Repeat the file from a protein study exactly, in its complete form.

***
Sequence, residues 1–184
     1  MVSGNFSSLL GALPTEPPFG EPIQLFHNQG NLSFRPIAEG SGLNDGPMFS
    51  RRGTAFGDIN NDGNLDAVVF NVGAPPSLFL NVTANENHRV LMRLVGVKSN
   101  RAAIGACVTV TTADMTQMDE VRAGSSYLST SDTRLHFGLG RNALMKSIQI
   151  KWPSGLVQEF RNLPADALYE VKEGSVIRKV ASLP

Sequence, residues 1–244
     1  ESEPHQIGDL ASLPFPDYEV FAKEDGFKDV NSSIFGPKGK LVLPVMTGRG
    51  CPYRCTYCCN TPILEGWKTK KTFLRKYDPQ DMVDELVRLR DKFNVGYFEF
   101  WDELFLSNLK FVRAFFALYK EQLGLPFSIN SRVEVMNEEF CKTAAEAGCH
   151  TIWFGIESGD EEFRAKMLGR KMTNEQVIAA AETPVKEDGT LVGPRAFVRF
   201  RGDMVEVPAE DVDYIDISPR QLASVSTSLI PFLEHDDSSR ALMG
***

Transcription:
Sequence, residues 1–184
     1  MVSGNFSSLL GALPTEPPFG EPIQLFHNQG NLSFRPIAEG SGLNDGPMFS
    51  RRGTAFGDIN NDGNLDAVVF NVGAPPSLFL NVTANENHRV LMRLVGVKSN
   101  RAAIGACVTV TTADMTQMDE VRAGSSYLST SDTRLHFGLG RNALMKSIQI
   151  KWPSGLVQEF RNLPADALYE VKEGSVIRKV ASLP

Sequence, residues 1–244
     1  ESEPHQIGDL ASLPFPDYEV FAKEDGFKDV NSSIFGPKGK LVLPVMTGRG
    51  CPYRCTYCCN TPILEGWKTK KTFLRKYDPQ DMVDELVRLR DKFNVGYFEF
   101  WDELFLSNLK FVRAFFALYK EQLGLPFSIN SRVEVMNEEF CKTAAEAGCH
   151  TIWFGIESGD EEFRAKMLGR KMTNEQVIAA AETPVKEDGT LVGPRAFVRF
   201  RGDMVEVPAE DVDYIDISPR QLASVSTSLI PFLEHDDSSR ALMG